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How to avoid Z-Fighting in modular assets e.g overlapping wooden frames of medieval walls

This is video of medieval village design from a popular designer.
https://www.youtube.com/watch?v=WqZEyE9RQ6s&t=2s

In this video he overlaps the wooden frame of the walls into each other. My question is won’t it cause Z-Fighting?
I want to design similar modular assets, let me know if anyone have better idea of making similar assets. I like the “granularity” of these assets.

Thanks

Nah, it only happens when two polys are perfectly on top of each other, it’s fine to put for meshes to be a bit sunk into other meshes. I guess z-fighting also happens with translucent stuff like hair too (unless using masked/hair shaders). But if it looks fine in that video it should look fine in game too. If you’re getting z-fighting it mostly means you messed up your 3d model in your modeling software.

One thing you need to keep in mind is that you would want to merge the meshes using Actor Merge at the end after placing the modular stuff or you’ll waste a lot of drawcalls.

If you move away from something then it can also happen if surfaces are close–the depth of the view changes over distance so surfaces that are technically not in the same space will end up in the same depth when they’re further away and get the same Z-fighting effect.

That ‘speed’ design is using a lot of poor practices. I wouldn’t use it as a basis for understanding anything.
Neat for inspo, but nothing else.

The issue is how messy their workflow is.
In theory, what they’re doing is ok, but they aren’t conforming to any reasonable grid.
rule #1 of level design: obey the grid.

I think they get away with it because it’s a medieval setting, so by offsetting their assets a bit you can stop them from perfectly overlaping, but as @darthviper107 said, that will become a problem when you are further away, and you can see them in the video spending too long just aligning things together.

I’d suggest having a look at this GDC post by the environment and level designers on Skyrim. By having modular assets that conform to the grid, you can actually get better results than that speed design video, without having to mess about and making sure everything is aligned manually. It also means you won’t run in to z-fighting as you’d’ve put your assets together properly :wink:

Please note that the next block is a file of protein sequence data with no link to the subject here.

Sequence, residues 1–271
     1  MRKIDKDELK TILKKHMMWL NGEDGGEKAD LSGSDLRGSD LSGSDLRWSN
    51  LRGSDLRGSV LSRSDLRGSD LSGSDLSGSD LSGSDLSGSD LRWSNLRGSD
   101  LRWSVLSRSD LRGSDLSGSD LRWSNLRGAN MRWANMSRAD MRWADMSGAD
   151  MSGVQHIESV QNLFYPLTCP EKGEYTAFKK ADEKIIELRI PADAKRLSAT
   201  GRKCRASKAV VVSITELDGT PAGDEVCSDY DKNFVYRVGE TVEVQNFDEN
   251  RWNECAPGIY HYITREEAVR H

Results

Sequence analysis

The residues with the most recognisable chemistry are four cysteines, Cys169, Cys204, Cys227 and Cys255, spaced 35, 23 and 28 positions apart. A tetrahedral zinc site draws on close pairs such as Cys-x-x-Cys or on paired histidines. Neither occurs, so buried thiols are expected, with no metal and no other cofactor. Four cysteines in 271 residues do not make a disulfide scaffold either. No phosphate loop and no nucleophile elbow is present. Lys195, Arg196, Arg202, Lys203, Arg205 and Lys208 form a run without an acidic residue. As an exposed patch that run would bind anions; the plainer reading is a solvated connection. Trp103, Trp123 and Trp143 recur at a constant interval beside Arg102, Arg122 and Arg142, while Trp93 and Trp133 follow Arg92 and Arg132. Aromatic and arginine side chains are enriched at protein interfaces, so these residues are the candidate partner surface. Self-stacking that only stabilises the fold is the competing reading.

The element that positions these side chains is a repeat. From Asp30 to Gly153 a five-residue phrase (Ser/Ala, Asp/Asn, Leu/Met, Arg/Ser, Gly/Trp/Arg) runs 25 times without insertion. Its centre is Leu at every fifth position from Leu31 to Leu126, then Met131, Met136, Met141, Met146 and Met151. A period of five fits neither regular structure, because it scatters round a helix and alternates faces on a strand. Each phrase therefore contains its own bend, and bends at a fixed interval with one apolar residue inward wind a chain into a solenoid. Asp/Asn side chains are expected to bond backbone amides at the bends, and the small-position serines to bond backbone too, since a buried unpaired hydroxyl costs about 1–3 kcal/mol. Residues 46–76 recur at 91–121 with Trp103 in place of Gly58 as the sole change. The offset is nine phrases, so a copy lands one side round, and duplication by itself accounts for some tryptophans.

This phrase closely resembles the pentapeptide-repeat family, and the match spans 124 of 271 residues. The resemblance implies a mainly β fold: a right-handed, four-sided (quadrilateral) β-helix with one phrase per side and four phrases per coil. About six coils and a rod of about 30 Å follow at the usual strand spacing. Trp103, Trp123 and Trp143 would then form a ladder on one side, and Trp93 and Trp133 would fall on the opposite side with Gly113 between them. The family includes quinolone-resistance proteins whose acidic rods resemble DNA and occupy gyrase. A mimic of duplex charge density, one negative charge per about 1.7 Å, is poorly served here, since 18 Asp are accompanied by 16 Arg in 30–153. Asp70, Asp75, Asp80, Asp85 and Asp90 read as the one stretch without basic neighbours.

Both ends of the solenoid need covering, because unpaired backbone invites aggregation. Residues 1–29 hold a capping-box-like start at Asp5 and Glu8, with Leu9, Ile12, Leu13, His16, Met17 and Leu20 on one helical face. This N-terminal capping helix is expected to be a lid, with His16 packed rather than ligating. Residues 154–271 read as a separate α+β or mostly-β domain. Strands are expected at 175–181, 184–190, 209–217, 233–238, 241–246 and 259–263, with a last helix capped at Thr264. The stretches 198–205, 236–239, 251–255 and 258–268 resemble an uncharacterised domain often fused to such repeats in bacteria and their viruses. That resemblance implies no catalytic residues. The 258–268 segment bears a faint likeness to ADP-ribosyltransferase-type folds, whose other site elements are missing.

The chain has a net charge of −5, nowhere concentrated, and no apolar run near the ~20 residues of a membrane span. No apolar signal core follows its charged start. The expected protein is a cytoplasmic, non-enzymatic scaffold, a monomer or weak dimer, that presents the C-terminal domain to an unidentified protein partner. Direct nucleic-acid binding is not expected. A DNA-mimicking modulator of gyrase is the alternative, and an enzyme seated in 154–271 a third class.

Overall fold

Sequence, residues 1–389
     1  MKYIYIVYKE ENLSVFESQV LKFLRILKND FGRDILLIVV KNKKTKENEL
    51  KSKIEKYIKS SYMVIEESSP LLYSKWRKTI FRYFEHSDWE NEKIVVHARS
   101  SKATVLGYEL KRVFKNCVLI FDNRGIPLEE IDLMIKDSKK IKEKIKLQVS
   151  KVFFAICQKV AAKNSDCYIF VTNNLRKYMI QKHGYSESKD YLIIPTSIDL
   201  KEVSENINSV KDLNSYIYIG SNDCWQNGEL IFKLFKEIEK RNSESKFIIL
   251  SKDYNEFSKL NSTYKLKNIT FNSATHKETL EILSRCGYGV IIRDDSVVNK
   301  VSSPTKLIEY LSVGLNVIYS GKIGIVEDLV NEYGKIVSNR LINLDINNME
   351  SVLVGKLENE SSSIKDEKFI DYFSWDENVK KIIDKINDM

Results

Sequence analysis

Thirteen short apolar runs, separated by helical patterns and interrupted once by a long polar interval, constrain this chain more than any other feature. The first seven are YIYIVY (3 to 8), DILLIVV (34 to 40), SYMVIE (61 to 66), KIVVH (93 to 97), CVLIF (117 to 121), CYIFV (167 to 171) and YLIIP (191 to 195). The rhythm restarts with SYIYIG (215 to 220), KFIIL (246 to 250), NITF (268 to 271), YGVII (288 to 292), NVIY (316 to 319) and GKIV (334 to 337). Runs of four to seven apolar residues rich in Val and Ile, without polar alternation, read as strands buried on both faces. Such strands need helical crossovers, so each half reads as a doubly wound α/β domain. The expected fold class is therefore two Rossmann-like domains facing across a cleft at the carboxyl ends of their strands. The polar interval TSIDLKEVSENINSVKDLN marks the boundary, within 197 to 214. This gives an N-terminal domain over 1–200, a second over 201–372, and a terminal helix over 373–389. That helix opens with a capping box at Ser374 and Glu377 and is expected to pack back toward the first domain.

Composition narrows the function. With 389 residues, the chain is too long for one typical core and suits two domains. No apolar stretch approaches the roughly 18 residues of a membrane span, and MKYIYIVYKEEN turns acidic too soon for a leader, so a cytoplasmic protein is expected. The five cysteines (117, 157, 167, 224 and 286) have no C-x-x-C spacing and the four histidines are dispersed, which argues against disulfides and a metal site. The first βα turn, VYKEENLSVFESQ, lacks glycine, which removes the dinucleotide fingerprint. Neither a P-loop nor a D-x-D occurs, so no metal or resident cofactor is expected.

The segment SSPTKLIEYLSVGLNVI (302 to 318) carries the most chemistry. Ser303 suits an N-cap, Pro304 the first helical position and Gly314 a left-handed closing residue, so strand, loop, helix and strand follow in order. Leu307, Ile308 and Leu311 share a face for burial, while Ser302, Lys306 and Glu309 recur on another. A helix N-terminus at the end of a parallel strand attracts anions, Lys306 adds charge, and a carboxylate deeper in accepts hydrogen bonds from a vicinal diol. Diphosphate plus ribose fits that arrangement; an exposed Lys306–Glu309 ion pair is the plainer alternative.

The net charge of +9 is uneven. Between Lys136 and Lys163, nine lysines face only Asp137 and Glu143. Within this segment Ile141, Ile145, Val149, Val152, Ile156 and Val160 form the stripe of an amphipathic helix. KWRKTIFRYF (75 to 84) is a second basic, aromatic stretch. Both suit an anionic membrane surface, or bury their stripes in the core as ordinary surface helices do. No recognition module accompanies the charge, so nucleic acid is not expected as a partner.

For Z-fighting far away you can change the NearClipPlane settings or just use LODs. It usually only happens when you’ve got really thin meshes though.

As for the grid stuff that makes more sense when doing artificial stuff (or things that have to fit together), a village like this can look better with imperfections. I think the meshes weren’t really set up in a modular way from the start and using a grid with meshes like that wouldn’t really help.

Thanks this helped me out too cheers… Before I had z-fighting in a huge-level with distant meshes z-fighting…
A NearClipPlane tutorial for Large-Worlds with examples would be really helpful. Does anyone know of any?

Many tutorials cover low NearClipPlane settings or. z-fighting of player-attached-guns versus environment etc.
But few if any cover engine-rendering with regards to z-fighting and large-worlds with massive distant meshes.

For example:
Tutorials often cover NearClipPlane settings of 3, 5, 10, 20 etc… But how about 100 or 1000?
When using such high-settings… Are there ramifications / drawbacks, gotchas, catches?

The greater the distance is between the near and far clipping plane the more frequent you will get Z-fighting problems.

Thank you all for responses. Much appreciated.
And yes, when mesh is not plane surface Z-Fighting does not occur. Even if it does slight offsets can work. Sticking to grid gives very procedural looking art, so… for faster design sticking to grid helps but for variety I prefer going off grid.